But the defendant companies agreed that as long as any component of the Gilead coformulations remained under patent, they would not create competing combination pills that contain their ingredients plus generic components or allow anyone else to do so.
“Company A with Drug A agrees to make a combo pill with Drug B from Company B. If Drug A becomes generic, Company B agrees not to market a combo pill with Drug B plus generic A. And vice versa,” Staley explained.
“Collectively, the unlawful agreement between Gilead and each of its coconspirators effectively foreclosed competition for drugs essential to [combination antiretroviral therapy] regimens,” according to the plaintiffs’ filed complaint.
This practice, the plaintiffs allege, led to the current situation in which nearly 90% of people newly diagnosed with HIV use a Gilead product. What’s more, they claim the near monopoly has kept prices high and impeded access to treatment. They estimate that a single-tablet regimen containing generic components would cost around $20,000 per year, compared with about $35,000 for the current proprietary coformulations.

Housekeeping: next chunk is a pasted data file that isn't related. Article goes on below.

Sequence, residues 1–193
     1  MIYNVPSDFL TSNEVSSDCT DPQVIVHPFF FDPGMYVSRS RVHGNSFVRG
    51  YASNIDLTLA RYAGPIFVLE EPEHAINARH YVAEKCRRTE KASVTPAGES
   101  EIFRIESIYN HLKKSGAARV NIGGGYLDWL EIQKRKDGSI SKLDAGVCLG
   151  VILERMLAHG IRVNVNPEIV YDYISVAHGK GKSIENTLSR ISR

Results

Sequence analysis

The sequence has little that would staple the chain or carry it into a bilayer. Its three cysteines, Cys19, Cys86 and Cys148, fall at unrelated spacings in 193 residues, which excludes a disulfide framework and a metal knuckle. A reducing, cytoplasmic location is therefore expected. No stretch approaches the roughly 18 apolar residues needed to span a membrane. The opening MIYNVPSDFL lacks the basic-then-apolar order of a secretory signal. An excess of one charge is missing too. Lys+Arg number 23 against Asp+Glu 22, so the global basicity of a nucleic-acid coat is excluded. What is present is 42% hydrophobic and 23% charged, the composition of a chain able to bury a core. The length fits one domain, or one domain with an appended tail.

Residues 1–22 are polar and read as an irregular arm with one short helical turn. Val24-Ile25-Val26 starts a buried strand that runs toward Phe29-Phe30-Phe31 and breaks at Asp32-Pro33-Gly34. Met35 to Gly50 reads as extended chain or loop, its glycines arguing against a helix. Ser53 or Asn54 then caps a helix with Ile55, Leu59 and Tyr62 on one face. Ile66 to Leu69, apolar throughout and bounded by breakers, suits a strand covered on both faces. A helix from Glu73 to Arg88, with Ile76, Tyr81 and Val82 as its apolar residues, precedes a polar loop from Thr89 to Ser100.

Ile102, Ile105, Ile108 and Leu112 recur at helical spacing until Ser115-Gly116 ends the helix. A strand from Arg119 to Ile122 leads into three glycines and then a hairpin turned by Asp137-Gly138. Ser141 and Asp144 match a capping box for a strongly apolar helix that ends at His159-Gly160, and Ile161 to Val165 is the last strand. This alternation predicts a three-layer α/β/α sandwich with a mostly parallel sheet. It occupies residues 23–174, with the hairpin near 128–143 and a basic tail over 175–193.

Coplaintiff Brenda Goodrow, who was born with HIV, has spent her life on antiretroviral medications, has developed resistance to most of them and has limited options for salvage therapy. She sometimes struggles to pay for her treatment and says she would benefit from the lower prices that would come with increased pharmaceutical competition.
“Last year, I lost my Medicaid and was out of medicine, and the pharmacy technician refused to order it when she saw the price if I didn’t have proof I could pay for it,” Goodrow said in an interview. “I applied for patient assistance programs, but who knows how long that would take? That was terrifying for me, not knowing how long I would have to go without my medicine because I couldn’t afford it.”